Explain your volunteer work with the Women’s Prison Association.

It’s the only shelter in New York where you can live with your children. The kids are living there because their mothers have recently, or at some point, gotten out of jail. Their mothers are dealing with a lot, so I go on Monday nights and their mothers will be getting their GEDs, and I watch the kids. Those are some of, literally, my proudest moments. Taking the kids to the theater or the zoo and seeing just how happy and resilient children are when given a small thing, which is a little bit of your time. And how much they appreciate it and how alive they become.

In your own words, what is the Fresh Air Fund’s mission?

To give children opportunities that they don’t normally have. To show them different experiences, and to open their eyes to their own potential. To allow them to be kids and see how many people care about them. And to see what the world is outside of what they know.

What can you tell us about the children who are part of the organization?

All of the kids are from underprivileged neighborhoods. They have struggled with a lot of things in their lives, probably more than any child should know. A lot of them travel more than an hour to get to and from school. These kids are also the most resilient and hard working. They are curious and eager. They are looking for options for themselves, so we do job shadowing and mentoring. They also make lifelong friends with people who might be in similar positions, or with a lot of the camp counselors were once campers. They also have mentors who know what it’s like to be a child in their position. June Ambrose, who’s our newest board member, is a huge name in hip hop. She’s a brand ambassador for Jay Z and millions of names. She was a Fresh Air child and speaks to the children, showing the kids the potential that they have and that they really are our future. And I think that’s really all the children need to know, is that there’s hope.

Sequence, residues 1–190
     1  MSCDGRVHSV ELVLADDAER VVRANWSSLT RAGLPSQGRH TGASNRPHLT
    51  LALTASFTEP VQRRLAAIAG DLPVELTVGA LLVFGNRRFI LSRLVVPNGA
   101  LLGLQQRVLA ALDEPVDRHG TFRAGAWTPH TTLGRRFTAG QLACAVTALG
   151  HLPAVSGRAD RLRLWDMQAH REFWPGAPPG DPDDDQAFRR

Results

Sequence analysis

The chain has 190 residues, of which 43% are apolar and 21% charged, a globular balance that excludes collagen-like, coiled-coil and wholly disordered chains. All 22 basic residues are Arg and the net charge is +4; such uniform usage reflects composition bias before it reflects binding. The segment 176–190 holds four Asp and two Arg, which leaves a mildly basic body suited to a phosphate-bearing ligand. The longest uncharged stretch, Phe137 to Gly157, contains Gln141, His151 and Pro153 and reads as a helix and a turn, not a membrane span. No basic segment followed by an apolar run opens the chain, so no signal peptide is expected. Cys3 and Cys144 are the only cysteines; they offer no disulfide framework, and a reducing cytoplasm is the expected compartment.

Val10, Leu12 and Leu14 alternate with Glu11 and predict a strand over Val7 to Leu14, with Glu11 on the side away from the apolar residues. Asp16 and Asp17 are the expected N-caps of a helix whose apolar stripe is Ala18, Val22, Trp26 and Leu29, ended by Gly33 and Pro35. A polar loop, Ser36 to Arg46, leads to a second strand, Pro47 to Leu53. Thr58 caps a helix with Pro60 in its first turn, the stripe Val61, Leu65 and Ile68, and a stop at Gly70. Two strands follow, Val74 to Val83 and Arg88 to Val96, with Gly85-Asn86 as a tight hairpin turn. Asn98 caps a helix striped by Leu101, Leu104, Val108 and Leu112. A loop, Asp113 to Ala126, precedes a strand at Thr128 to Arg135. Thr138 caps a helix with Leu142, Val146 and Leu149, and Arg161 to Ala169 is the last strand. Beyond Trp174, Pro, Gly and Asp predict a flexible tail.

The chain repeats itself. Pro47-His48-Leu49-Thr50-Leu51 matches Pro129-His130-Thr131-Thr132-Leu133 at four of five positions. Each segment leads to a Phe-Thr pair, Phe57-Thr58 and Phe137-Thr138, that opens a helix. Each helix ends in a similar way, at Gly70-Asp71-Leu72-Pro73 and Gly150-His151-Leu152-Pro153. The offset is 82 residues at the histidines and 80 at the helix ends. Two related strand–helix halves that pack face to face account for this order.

What are you working on now?

On Friday, I went to the camp, which is Sharpe Reservation, 2,000 acres and five camps on that land where the children go in the summer, free of charge. The kids from the neighborhoods in the city go and have two weeks to just be a kid – to learn to swim, do arts and crafts, connect with peers and mentors. They have a planetarium and a ropes course. It’s really a Disneyland for children; it’s amazing. And I think a lot of what I’m doing now is figuring out how we can get more kids to go camp and raise more money.

Tell us about the Friendly Towns program.

Families sign up to take on an inner-city child, and the kids go to another family in the country. They go out to some different part of the country or Canada and they live with this family and have a completely different experience outside of their own. The Fresh Air child has an entire other family. The kids become best friends. They learn a whole different culture. Both the families and the Fresh Air children get a lot of it, almost equal to one another. The families who take the children in were saying that their kids totally change because they recognize some of the things that they have that other kids don’t have. And they build these long-lasting friendships with somebody that they might not otherwise get the chance to meet or understand.

www.freshair.org